Tuesday, February 24, 2009

Okay, so I'm hair-splitting

Did I just hear the prez correctly? Something about "the country that invented the automobile" needing to be kept in the auto-making game?

Sheesh. I'm not even terribly mechanically minded, and I knew that was wrong.

For the record, the Library of Congress gives that distinction to Karl Benz of Germany, who built the first true automobile in 1885 (and importantly, patented it in 1886.)

The LC page explains that the answer is not really that simple, citing designs by Leonardo Da Vinci as precursors to the modern auto. Still, American inventors only come up fifth and sixth on its table of automotive "firsts," and only the second of those (the Duryea brothers) actually built an automobile.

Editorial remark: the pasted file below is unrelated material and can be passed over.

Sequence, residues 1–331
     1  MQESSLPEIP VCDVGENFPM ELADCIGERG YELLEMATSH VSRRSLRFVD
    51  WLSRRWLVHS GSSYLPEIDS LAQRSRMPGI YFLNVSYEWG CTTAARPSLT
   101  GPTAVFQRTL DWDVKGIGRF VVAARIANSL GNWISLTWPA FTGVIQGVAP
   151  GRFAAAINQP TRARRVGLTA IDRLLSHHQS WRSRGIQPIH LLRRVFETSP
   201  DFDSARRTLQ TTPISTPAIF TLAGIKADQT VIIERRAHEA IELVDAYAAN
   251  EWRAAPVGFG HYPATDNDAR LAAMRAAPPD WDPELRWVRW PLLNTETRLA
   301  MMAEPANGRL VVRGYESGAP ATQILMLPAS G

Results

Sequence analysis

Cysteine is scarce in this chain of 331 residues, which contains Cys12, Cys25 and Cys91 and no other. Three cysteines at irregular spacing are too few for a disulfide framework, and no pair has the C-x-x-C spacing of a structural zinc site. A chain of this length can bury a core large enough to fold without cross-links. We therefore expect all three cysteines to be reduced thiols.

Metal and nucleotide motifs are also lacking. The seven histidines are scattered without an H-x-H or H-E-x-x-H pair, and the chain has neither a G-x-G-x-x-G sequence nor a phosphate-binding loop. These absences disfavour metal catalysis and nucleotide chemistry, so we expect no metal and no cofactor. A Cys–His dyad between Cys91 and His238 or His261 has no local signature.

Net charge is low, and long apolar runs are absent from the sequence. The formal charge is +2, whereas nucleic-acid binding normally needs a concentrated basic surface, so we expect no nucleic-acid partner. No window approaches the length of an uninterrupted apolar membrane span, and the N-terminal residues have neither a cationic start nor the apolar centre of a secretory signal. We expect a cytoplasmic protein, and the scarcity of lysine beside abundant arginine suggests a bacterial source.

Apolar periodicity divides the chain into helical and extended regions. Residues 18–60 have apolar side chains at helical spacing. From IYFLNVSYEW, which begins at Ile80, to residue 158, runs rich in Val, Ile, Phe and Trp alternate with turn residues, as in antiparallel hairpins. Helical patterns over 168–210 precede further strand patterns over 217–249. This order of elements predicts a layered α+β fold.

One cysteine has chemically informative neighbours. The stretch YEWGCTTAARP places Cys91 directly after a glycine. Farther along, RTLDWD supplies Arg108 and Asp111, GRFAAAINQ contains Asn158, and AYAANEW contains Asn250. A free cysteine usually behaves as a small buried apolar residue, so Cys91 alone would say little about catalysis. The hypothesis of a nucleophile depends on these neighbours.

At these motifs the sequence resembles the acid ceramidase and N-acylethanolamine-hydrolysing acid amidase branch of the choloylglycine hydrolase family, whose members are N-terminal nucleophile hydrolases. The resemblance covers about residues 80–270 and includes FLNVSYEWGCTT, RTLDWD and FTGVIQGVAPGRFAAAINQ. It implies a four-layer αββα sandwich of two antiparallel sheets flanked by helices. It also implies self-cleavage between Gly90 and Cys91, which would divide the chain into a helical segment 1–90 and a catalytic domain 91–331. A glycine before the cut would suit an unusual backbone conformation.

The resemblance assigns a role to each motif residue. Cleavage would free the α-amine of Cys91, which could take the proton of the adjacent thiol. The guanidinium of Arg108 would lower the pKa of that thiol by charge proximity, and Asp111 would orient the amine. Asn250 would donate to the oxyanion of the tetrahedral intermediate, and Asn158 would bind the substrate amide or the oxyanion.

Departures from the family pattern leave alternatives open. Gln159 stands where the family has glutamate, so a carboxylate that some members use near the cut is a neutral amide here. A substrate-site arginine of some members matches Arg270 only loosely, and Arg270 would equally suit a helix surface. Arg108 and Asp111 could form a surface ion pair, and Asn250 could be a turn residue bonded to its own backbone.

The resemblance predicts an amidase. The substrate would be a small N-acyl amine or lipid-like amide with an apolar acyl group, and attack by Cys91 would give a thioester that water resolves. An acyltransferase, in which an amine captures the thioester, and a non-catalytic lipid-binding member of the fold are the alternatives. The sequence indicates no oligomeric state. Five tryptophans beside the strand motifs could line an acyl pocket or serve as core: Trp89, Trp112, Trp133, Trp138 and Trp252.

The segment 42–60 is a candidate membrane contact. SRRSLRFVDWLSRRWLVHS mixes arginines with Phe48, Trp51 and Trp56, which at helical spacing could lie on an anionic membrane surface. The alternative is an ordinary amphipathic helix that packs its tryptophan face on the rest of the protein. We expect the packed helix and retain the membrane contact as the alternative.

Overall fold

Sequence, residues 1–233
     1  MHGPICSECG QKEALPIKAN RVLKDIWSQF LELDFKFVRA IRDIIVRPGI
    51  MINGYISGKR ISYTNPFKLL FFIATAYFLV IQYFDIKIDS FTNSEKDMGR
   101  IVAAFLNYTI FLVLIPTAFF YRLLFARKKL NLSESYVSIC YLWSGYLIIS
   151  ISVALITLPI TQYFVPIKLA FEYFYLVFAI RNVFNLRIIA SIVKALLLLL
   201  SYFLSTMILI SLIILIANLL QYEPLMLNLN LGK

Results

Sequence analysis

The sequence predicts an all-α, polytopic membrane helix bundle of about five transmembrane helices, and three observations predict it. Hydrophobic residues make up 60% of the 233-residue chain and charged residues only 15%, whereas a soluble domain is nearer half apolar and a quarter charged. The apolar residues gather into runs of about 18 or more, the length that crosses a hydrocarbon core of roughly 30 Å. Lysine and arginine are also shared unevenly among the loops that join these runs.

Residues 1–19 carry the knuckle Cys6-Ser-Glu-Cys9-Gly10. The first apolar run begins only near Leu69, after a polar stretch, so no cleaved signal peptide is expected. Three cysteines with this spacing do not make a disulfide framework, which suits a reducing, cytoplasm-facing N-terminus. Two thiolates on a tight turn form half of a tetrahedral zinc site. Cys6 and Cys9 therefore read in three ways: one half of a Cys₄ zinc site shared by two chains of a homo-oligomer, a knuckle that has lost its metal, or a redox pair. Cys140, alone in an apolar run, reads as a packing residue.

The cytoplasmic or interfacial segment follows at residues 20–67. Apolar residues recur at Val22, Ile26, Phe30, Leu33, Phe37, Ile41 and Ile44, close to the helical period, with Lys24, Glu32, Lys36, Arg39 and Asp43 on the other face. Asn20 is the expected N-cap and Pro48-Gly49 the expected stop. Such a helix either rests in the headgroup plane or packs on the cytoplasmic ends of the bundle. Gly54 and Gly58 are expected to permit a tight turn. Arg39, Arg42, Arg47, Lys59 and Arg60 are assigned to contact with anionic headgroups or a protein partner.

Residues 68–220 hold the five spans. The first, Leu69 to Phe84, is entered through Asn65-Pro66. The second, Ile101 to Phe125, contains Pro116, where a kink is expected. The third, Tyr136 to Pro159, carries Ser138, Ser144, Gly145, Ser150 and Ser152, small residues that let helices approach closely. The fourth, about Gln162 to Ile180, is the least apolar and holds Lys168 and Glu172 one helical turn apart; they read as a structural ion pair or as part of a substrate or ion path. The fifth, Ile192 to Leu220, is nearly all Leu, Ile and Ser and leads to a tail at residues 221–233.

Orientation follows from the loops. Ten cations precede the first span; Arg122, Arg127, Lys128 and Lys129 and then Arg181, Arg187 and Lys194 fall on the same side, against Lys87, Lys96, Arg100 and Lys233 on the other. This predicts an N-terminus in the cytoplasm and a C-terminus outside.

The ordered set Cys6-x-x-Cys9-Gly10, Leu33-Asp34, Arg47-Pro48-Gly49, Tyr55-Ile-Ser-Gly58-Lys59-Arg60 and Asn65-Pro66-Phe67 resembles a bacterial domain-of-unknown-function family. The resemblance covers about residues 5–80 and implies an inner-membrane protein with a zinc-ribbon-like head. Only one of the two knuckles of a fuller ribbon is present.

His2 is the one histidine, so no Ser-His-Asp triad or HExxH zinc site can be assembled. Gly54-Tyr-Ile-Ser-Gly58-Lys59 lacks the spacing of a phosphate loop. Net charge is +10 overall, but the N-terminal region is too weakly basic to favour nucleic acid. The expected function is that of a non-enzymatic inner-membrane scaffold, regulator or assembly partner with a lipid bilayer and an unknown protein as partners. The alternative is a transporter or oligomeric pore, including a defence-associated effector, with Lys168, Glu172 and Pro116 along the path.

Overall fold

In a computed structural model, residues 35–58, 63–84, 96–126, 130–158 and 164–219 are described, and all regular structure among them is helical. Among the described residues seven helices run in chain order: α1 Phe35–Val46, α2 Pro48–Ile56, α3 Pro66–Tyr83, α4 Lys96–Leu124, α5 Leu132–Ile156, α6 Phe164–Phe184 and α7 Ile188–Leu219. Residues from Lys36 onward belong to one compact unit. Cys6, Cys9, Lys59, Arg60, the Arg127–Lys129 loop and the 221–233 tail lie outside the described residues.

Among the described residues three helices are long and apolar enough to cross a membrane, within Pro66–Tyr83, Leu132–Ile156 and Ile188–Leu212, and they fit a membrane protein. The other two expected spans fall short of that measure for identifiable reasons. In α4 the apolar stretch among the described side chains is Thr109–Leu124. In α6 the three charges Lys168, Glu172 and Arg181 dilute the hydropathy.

The "first" automobiles, according to the LC page:

Cugnot--steam-powered vehicle--1769--France
Anderson--electric--1832-9--Scotland
Benz--gasoline--1885-6--Germany (patented)
Daimler--gasoline--1886--Germany
Selden--(gasoline powered engine combined with carriage-never mfg.) 1876 (pat 95)--US
Duryea bros.--gasoline--1893--US

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